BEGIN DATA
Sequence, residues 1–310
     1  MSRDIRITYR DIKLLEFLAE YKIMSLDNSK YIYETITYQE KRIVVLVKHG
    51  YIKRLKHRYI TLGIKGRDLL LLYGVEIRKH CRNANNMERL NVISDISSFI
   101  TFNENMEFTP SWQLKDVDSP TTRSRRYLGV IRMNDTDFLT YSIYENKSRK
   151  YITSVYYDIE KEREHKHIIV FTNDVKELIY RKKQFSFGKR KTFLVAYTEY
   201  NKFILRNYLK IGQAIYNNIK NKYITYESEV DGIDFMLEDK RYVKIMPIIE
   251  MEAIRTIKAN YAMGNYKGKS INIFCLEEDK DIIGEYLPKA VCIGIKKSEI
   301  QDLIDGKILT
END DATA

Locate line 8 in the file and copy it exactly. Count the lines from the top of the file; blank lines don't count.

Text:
   301  QDLIDGKILT